I finally completed my road trip journal. Not bad – only a month and a bit late! I might share a few pages here in due course, but for now, I’ll leave you with one of my favourite pages because I’m sure you will feel better for a little Schiller. Auf Deutsch, of course. (It’s from Wilhelm Tell and was scribed on the wall of the steamer we took on the lake that afternoon)
Aha! En Français! Pas de problème!
I knew how to “surfiler”, bien sûr.
But what about the colours? “Bleu Canard”? “Bleu Klein”? My hero was brought in as a second opinion and we studied picture and materials and worked it out together.
Actually, I’d already sewn the pieces together by then and fortunately, had got it right!
The ends of the scarf are finished with a double piped edge, really clever, especially when someone has already done the first step of the piping! I stitched one edge in place before realising that this is tricky – the fabric was stretchy and needed more care. I got out my Clover clips and found them very useful indeed as I had another go, taking it slowly and carefully.
Actually, I needed several goes before I could get the stitching close enough to the piping cord for it to look acceptable.
Having completed all four piped ends, I sewed one long edge and pressed the seam open, as per instructions.
Time to apply the spots. Each one was cut from fabric with a thin vilene backing. Having sorted them out and distributed the colours, I pinned them in place ready to sew.
So far so good. I considered getting out the 505 spray adhesive instead of pins but thought I’d continue as the instructions told me to. With hindsight though, I ought to have done that – it would have made the next step much easier.
Zigzagging around circles isn’t easy. The small, one inch circles especially so and having completed two or three, I wished I’d handsewn them, or even done some more free-style embroidery scribbles instead. Never mind. In true blogging tradition, I have included the photograph of the best one. Just imagine they are all like that!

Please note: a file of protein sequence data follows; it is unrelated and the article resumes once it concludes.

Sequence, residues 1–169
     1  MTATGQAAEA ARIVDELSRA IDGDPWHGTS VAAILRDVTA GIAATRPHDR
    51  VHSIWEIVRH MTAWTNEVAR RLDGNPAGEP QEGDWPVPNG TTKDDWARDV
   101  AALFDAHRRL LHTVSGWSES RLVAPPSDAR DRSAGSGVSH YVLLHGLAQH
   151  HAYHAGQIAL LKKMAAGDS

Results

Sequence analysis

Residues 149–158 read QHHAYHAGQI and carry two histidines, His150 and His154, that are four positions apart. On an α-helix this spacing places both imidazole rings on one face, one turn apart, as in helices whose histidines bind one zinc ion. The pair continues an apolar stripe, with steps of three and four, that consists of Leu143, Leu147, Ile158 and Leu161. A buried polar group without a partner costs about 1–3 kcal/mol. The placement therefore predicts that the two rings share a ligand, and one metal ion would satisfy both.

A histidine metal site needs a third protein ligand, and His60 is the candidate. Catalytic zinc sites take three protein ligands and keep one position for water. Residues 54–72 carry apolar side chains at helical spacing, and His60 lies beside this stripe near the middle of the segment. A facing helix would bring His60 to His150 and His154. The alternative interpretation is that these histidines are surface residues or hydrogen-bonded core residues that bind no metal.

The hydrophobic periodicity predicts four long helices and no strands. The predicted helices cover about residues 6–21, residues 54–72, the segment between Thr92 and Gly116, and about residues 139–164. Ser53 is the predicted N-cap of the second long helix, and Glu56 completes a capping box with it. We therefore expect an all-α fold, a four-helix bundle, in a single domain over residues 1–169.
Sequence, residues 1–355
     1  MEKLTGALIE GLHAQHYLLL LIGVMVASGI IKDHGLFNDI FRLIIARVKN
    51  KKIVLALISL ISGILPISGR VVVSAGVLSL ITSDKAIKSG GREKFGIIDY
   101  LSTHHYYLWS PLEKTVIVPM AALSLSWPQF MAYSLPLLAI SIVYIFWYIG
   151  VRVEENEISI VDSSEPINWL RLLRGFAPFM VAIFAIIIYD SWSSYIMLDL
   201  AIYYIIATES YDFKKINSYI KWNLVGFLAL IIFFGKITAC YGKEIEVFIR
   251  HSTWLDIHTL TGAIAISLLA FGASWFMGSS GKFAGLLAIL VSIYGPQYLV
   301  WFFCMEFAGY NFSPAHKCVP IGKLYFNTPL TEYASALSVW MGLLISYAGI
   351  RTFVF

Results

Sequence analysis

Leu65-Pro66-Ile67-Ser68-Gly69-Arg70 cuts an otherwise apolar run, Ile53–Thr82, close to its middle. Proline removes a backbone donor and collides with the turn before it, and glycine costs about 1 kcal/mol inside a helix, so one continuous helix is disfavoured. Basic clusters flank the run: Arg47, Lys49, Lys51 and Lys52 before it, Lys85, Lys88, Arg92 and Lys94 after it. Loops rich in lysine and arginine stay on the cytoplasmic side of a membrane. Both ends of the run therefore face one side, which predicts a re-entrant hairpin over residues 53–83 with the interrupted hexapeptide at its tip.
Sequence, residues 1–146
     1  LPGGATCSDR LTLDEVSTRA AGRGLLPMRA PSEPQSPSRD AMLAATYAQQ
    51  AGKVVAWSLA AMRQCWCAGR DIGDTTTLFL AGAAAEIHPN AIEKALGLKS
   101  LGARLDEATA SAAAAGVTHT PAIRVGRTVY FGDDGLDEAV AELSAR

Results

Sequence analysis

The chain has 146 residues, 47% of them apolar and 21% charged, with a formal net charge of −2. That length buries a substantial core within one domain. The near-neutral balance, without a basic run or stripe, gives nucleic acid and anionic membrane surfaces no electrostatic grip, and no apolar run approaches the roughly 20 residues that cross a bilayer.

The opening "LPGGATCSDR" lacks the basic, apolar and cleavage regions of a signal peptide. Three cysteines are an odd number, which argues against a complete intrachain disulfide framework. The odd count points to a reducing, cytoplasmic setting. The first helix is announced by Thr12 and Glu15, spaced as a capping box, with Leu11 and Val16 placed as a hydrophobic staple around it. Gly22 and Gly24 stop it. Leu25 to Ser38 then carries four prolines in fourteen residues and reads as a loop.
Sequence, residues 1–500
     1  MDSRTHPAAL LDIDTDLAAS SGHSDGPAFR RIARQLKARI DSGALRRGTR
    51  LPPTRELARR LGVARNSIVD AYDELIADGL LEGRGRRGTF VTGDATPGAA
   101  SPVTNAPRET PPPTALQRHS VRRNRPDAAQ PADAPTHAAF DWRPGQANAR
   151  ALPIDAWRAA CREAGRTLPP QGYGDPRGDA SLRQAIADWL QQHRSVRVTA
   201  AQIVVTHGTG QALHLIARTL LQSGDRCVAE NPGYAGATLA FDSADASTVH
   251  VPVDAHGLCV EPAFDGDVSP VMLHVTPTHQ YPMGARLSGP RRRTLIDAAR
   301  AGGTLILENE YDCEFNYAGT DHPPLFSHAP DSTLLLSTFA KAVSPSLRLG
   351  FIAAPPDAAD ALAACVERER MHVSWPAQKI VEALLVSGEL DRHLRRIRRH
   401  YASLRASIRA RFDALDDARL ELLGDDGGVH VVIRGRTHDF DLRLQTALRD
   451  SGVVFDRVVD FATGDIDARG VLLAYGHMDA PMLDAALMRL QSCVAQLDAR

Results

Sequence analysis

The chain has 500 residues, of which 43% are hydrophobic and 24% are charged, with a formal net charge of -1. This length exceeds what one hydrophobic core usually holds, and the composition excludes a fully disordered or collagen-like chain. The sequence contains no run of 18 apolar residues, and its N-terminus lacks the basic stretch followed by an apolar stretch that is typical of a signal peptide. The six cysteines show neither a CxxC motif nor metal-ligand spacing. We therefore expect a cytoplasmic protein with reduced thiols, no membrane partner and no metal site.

Twenty four circles later, and I was glad to be finished with that. Time to sew the other long edge up and finish the ends.
The piping is a really neat feature of this scarf and it’s something I’ll keep in mind for future. Not only does it add a little personality to the otherwise simple rectangle, it adds weight to the ends and also conceals the hand stitched closing seam.
Weird colours in this photograph – it really is the same scarf! But it shows the end result with the double piped seam. Neat!
And there it was, done!
I’m really pleased with the finished scarf, not only the colour combination but the individuality too. La Droguerie do come up with these good ideas with a little French “pizazz” and elegance.
Best of all is the fabric. It’s cotton sateen, has a rich sheen and depth of colour and was very enjoyable to sew. Worst thing was stitching those pesky circles to a single layer of fabric without any stabiliser. Next time, I’ll add another layer of something underneath, just to hold it all together a little more.
Not bad for an afternoon’s work though?